And Romney’s running mate, Rep. Paul Ryan, R-Wis., was the chief sponsor of a House-passed bill to increase the basic FERS employee contribution rate from 0.8 percent of salary to 5.8 percent over five years. The Democratic-controlled Senate has not acted on the measure.
“President Obama’s election is a victory for not just the country but for every federal and D.C. government employee,” J. David Cox Sr., president of the American Federation of Government Employees, told reporters in a conference call. “Mr. Romney made it very clear to us in the beginning that he did not like government and he did not like unions.”
Pressure to cut
But in his second four-year term, the Democratic incumbent will be under heavy pressure to find more places to cut spending — including in federal payroll and benefits accounts.
Record deficits aren’t going away because of the election, said John Palguta, vice president for policy at Partnership for Public Service. “There’s going to be continued pressure to find cost savings.”
Tens of thousands — perhaps hundreds of thousands — of federal employees could face furloughs next year, for example, if Congress and the White House fail to head off across-the-board budget cuts, known as sequestration, set to take effect Jan. 2. Those cuts would total $109 billion and be split evenly between defense and nondefense programs. Military personnel and the Veterans Affairs Department would be exempted, White House officials have said.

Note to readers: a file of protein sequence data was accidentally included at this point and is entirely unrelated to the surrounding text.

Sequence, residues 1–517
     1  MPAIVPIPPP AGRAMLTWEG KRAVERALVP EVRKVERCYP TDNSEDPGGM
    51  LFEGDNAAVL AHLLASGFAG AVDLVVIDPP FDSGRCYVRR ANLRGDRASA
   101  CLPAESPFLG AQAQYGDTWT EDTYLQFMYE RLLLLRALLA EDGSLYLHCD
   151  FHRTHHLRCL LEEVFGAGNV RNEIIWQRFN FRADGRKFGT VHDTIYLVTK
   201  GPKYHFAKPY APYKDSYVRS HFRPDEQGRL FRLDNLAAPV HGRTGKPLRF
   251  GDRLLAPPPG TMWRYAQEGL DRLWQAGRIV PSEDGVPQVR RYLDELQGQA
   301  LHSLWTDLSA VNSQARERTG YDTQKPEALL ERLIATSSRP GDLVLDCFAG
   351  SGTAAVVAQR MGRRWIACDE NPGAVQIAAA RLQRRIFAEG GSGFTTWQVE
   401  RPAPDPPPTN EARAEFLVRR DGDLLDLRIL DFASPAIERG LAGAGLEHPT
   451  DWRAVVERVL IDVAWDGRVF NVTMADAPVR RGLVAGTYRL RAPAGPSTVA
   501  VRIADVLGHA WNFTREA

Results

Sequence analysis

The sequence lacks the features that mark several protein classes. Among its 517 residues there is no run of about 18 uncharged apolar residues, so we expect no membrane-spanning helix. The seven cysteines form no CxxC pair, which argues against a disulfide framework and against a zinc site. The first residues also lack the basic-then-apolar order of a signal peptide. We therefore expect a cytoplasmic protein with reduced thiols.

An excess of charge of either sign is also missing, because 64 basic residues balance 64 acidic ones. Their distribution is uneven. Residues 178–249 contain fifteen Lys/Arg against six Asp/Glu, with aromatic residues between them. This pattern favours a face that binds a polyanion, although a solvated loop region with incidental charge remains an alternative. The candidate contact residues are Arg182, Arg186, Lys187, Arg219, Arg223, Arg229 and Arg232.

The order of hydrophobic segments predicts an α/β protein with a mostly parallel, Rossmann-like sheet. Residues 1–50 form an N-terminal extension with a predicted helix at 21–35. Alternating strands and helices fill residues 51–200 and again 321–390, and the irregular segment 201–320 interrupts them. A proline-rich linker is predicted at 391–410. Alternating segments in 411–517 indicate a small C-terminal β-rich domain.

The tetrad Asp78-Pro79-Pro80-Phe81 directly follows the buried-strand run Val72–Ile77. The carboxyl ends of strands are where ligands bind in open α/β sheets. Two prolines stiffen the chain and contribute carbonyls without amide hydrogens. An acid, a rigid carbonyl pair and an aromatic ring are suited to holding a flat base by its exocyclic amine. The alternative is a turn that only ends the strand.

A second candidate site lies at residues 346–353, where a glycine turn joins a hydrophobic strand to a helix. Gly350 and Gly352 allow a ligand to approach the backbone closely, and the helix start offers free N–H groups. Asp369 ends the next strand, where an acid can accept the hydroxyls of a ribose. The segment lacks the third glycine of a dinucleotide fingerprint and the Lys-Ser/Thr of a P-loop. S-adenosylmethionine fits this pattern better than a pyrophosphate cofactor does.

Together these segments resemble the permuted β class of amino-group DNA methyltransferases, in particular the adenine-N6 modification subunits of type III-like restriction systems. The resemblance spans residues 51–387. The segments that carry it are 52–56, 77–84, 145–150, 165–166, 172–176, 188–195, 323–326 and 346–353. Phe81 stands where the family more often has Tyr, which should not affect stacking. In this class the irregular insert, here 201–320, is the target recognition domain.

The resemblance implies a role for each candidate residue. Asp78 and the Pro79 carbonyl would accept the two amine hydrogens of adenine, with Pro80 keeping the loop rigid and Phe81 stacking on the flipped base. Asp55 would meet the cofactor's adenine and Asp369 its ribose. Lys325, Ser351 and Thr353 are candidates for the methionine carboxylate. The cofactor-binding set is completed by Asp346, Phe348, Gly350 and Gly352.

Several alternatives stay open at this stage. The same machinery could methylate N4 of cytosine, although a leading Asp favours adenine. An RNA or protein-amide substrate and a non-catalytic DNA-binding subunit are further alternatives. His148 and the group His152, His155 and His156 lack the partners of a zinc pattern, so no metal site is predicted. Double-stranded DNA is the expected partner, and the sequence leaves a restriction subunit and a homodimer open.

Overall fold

This week, lawmakers kick off a lame-duck session that will try to cancel or delay those cuts.
Obama has insisted that the sequestration cuts will be avoided, possibly as part of a broader deal that would seek to contain Medicare and Medicaid costs, along with settling whether to continue at least some of the Bush-era tax cuts that expire at the end of the year.
A starting point
NFFE’s Dougan expects the recommendations of the 2010 Simpson-Bowles commission will be a key discussion point during the talks. Switching to the high-five pension system was not the panel’s only idea for revamping federal pay and benefits programs. It also recommended:
Deferring cost-of-living adjustments for military and civilian retirees until they reach age 62. Instead, retirees would get a one-time, catch-up adjustment upon reaching 62. Projected savings through 2020 would total $17 billion.
Converting federal health care benefits to a fixed subsidy — known as a “premium support” — that would grow by no more than the rate of growth in the gross domestic product plus 1 percent each year. For federal retirees, the subsidy could be used to pay a portion of the Medicare premium.
Equalizing pension plan contributions between the government and employees to save $51 billion through 2020. Although the report did not furnish details, FERS participants currently contribute 0.8 percent of their salaries to the program, while the government pitches in 11.7 percent.
“Military and civilian pensions are both out of line with pension benefits available to the average worker in the private sector and, in some cases, out of line with each other across different categories of federal review,” the commission said. It called for a “federal workforce entitlement review” to examine both issues.
Trimming the federal workforce by 10 percent, or about 200,000 jobs, through attrition.
Obama, who created the Simpson-Bowles commission, never endorsed the report’s recommendations as a package. The 18-member commission also could not muster the 14-vote majority needed to send its report to Congress for an up-or-down vote.
Staff writer Andy Medici contributed to this report.